Qualifying for a mortgage can be more complex for someone who does not have pay stubs and a W2 form to verify consistent income. If you’re an entrepreneur with your own business and fall into this category, don’t worry—there are loans for you. You just need to know how to navigate. I asked RPM’s EVP, Julian Hebron, to explain how specialized loan products serve the specific needs of self-employed home buyers.
The concept of home is special to each of us in our own way, so shopping for a home can be emotional. Once you connect with a home that’s just right for you, emotions can run hot because that’s when you need to get the seller to accept your offer.
Fannie Mae recently announced changes to conforming loan guidelines and all of the updates are potentially very good news for borrowers. In fact, a recent Forbes article stated that “mortgage financing will become more available to more home buyers as a couple of game changing underwriting guideline enhancements come online.” It’s important to understand what has changed and what it means in terms of qualifying for a mortgage. Here are some highlights:
With student loans and credit debt at an all-time high, many first-time home buyers wonder if they’ll ever accumulate enough money to meet their down payment. Fortunately, there are ways for cash-strapped borrowers to bridge the gap. Here are some options to consider:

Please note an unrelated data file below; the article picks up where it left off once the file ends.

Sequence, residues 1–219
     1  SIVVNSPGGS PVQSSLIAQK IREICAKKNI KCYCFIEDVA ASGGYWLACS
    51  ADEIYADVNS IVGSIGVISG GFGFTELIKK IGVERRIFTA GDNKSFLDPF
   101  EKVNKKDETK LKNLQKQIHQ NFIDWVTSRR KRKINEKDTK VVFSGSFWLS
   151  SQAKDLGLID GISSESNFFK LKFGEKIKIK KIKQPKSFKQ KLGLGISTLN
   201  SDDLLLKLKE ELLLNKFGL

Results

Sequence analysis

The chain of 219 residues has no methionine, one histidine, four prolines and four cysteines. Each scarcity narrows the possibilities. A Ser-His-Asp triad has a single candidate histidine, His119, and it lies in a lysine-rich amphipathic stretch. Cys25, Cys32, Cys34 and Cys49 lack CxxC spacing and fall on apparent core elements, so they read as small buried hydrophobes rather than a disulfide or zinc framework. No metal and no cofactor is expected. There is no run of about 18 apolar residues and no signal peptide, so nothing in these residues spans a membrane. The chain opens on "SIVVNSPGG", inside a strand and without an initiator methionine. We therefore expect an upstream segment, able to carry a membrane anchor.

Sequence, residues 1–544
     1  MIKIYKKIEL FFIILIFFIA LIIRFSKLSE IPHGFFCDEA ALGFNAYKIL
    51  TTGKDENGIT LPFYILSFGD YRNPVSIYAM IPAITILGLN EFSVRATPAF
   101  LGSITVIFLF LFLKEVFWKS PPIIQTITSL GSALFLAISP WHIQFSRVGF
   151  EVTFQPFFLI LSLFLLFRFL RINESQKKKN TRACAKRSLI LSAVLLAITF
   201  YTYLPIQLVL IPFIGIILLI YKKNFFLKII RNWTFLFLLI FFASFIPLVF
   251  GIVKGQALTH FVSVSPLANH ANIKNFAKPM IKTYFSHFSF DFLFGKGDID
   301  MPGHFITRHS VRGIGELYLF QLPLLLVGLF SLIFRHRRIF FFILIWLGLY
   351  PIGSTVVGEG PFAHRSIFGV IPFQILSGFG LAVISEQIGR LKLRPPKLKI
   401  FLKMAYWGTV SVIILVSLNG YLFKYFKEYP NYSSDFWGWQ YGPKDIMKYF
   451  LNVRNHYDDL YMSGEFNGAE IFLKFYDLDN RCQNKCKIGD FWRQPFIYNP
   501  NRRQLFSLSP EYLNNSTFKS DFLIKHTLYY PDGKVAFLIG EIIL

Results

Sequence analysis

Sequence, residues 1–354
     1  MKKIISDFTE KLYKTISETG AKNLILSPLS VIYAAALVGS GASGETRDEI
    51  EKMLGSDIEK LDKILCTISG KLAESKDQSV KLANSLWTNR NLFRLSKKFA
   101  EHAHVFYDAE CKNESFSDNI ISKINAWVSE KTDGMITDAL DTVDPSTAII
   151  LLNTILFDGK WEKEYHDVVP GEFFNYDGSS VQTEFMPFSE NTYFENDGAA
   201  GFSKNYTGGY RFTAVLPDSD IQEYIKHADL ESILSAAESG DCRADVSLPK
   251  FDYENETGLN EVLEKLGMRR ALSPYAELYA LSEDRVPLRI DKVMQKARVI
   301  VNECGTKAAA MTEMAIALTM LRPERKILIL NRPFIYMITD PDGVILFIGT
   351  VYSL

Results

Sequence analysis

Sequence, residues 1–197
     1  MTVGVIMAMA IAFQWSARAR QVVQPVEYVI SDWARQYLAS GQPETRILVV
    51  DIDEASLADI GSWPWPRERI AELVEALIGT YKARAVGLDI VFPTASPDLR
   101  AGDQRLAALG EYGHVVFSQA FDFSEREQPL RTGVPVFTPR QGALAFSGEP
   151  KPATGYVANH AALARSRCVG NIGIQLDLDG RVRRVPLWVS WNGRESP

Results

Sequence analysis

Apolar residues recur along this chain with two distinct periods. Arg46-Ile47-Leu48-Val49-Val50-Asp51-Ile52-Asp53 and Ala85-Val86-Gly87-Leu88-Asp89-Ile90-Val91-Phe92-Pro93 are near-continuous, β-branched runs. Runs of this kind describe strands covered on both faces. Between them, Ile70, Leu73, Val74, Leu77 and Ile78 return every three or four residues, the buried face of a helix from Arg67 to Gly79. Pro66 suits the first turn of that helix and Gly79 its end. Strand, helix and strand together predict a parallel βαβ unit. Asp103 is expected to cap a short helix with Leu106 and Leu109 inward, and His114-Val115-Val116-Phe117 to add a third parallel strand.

Recent policy changes from FHA, Fannie Mae and Freddie Mac are intended to make homeownership a more attainable goal for first-time homebuyers. What are the changes and what difference will they make? For those planning to enter the housing market for the first time, the right opportunity may come sooner than expected due to more favorable guidelines and lower costs.
As kids, there are some things we all learn while we’re growing up:
• Never drink soda after you eat Pop Rocks.
• Cracking your knuckles will give you arthritis.
• You’ll catch a cold if you go outside without a jacket.
• It takes a 20% down payment in order to buy your first home.
You have money saved, a good job and you’re tired of paying rent. It’s time to buy a home. Now what? Where do you start? You are taking on what will likely be the most important financial commitment of your life and it’s not as easy as buying a new pair of jeans. You can’t take it back if it doesn’t fit.
If you follow the news surrounding the housing market, you know that the reluctance of millennials to purchase homes has been a contributing factor for holding back economic recovery. New to the world of real estate, millennials face financial challenges that are magnified by factors such as student debt, a tough job market and a lack of credit history to qualify for loans. The vision of a dream home is often more grand than their budget reality.